Sunrise to transform east side with new housing, arts plaza
The city of Sunrise is getting ready for a makeover of its eastern side, envisioning new housing with retail shops and even an arts plaza for public events.
The area was built in the 1960s and needs a bit of a face-lift as the city has grown in population and changed demographics, said Mark Lubelski, assistant city manager. Sunrise was once a bedroom retirement community, and so many of its first settlers were New Yorkers who were Jewish and Italian. Now, it’s a diverse city that is getting younger.
Within months, Sunrise will begin its hunt for the developers to pitch ideas on how to rejuvenate the region. “Over time, you have to invest and refresh the area,” Lubelski said.
The city hired Redevelopment Management Associates to create a plan to focus on two square miles from University Drive east to the city limits at Northwest 60th Avenue, just west of the Florida Turnpike.
Here’s a look at key areas tapped for improvement.
Bringing ‘imagination’ to Sunset Strip
A 3-acre vacant piece of property on Northwest 15th Street, fronting Sunset Strip, is best suited for dozens of townhouses, according to RMA.
The city bought the parcel two years ago for about $1 million, which included demolishing the buildings on the site, including a day care center and worship center.
Requests for developers to submit design proposals will go out as early as this summer.
The city’s request will say, “Here’s a [piece] of land, make us impressed with your skills and your imagination,” said Louis Sandora, Sunrise’s economic development director.
RMA is recommending as many as 30 townhouses on site, or a mix of townhouses and retail shops. Such a plan could help “improve housing affordability by using the commercial rents to support the housing costs for each family,” the agency wrote in a study.
“We’ll see a transformation the city has never been involved with.”
Envisioning an arts plaza
A former Post Office, at Northwest 68th Avenue just south of Sunset Strip, likely will be converted to an arts plaza to become a public space for events.
RMA is proposing the post office be demolished to make way for the construction of the plaza that would “serve as a prominent central gathering place for events and other celebrations and community activities. Along with temporary street closures, a farmers’ market, food truck events, and weekend vendors are just a few possible uses. Public art should be integrated throughout the plaza, including using the existing tree to remain as well as the potential for projected public art onto building walls at night.”
An alternative option is to rehab the city-owned property to be used by a museum or community organization. The city is now negotiating with an architect to create the design.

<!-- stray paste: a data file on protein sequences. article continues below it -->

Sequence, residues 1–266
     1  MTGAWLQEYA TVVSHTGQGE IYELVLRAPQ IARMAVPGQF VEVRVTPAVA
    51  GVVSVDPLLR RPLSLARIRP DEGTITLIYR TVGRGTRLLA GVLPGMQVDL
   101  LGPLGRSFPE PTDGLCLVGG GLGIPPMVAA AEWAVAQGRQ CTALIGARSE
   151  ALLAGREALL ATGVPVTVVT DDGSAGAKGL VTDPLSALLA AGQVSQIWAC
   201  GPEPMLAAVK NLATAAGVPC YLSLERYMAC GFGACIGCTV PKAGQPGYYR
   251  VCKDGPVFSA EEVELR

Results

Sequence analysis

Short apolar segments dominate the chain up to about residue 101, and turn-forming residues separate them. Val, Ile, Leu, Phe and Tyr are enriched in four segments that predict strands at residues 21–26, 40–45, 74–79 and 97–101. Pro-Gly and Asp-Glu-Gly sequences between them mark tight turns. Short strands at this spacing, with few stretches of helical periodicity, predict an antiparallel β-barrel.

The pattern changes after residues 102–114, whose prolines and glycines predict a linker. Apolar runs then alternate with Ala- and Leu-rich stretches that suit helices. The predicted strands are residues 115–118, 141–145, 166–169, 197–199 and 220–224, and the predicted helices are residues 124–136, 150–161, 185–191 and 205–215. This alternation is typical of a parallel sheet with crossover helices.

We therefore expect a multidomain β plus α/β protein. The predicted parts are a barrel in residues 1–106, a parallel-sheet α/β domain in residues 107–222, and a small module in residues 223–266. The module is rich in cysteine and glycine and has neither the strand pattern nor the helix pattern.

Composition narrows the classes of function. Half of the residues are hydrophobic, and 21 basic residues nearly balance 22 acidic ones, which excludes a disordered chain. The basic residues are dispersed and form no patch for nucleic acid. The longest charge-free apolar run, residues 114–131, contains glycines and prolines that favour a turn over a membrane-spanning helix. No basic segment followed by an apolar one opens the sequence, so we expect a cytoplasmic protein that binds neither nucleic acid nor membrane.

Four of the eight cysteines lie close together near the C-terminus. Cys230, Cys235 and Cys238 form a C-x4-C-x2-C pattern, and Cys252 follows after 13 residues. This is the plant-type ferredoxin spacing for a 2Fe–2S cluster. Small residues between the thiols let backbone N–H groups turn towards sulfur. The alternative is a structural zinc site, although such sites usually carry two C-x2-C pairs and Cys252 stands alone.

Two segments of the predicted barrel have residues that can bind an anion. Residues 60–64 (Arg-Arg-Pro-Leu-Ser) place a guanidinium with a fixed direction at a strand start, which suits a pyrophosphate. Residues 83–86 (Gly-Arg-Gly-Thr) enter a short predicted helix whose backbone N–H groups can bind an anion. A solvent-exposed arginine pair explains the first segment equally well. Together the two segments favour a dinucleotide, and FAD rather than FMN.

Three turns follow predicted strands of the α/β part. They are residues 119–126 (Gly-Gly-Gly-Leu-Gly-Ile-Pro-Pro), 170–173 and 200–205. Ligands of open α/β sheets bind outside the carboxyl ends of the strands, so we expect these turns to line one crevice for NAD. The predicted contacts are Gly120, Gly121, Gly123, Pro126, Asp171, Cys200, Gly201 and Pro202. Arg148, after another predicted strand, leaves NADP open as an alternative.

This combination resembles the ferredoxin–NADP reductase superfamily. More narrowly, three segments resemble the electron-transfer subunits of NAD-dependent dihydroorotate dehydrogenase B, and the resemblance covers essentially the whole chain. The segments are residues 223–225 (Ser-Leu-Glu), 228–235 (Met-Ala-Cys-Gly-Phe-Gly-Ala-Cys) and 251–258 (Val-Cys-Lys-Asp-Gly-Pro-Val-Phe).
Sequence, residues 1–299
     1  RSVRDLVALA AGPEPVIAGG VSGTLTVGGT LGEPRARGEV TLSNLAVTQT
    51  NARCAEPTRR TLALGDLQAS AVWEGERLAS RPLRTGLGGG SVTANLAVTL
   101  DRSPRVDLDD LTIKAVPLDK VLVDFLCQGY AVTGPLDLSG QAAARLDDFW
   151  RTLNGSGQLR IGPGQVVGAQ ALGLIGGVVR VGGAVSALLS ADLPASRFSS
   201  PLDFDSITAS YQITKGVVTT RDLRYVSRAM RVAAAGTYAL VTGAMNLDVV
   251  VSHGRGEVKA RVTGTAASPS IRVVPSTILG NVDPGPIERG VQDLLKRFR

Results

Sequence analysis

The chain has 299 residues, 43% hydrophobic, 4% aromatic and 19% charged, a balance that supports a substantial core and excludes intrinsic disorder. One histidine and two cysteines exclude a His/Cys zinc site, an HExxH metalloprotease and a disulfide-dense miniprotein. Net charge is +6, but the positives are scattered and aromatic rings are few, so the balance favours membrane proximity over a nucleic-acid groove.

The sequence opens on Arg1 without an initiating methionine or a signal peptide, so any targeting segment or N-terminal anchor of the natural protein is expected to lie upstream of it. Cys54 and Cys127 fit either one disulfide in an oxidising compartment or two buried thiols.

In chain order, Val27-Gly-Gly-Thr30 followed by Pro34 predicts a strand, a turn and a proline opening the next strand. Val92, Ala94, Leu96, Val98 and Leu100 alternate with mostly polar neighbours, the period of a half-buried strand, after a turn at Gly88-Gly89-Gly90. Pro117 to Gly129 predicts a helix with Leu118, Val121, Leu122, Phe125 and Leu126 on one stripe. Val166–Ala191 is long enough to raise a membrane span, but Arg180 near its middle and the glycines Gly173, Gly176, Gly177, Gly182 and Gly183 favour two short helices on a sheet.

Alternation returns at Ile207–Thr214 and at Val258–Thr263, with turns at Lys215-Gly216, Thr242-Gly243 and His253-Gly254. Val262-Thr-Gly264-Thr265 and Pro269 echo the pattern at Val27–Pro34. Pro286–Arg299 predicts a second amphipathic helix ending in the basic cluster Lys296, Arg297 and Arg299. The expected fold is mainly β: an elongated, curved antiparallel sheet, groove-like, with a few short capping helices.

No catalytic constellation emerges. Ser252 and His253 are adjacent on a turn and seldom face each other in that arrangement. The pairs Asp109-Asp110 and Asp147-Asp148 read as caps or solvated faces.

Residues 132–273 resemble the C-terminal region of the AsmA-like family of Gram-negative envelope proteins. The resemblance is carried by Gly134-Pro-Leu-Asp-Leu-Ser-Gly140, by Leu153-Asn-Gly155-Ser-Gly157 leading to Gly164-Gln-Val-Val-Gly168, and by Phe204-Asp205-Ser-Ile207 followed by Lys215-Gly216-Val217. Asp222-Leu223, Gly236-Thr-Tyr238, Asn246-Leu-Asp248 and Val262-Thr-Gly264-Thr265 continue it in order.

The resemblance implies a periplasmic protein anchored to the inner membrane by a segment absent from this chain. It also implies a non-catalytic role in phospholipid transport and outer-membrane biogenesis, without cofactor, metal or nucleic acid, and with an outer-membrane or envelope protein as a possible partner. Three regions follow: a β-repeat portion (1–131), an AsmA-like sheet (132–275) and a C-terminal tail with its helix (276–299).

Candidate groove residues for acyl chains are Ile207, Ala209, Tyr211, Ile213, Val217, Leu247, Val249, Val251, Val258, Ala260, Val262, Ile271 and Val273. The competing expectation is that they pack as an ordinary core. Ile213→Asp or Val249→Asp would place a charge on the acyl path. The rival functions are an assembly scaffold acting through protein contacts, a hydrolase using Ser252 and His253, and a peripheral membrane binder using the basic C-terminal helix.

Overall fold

A 2-acre site of the former public works complex has two adjoining parcels, at the southwest corner of Northwest 20th Street and 19th Street. It’s currently vacant, and is used by the city for temporary storage.
RMA is suggesting “a
Louis Marino Sandora, Economic Development Director for the city of Sunrise
small number of live/ work townhomes ... as a buffer to homes east of the site” or rental apartments on the city-owned land. That could include artist studios or an architect’s office, where people work on ground floor and live above.
A request for proposals by developers will become public later this year.
Plans for other properties
The city is also eyeing other sites that are privately owned for future development. That includes a former car dealership location, two former Walgreens, and empty land.
Among RMA’s suggestions: a micro-brewery, townhouses or restaurants.
Sandora said the city is “laying the groundwork” to assist developers with changing codes and zoning laws to “set the table, make it attractive for that type of development.”
And Lubelski said eventually the redevelopment efforts will shift west, too.
“This is our first phase and then we’ll start moving west,” he said. “As the city ages, we’ll have to be looking at this across the entire city.”
The eastern side of cities were developed first “and then slowly drifted west” as roads were built, Sandora said. So there needs to be reinvestment to re-energize older portions of the city, he said. “That’s our responsibility. ... It’s quite amazing. We’ll see a transformation the city has never been involved with” before.
Louis Marino Sandora, the city of Sunrise's director office of economic development, left, and Mark Lubelski, the assistant city manager, next to one of the parcels of land that the city wants developers to build on.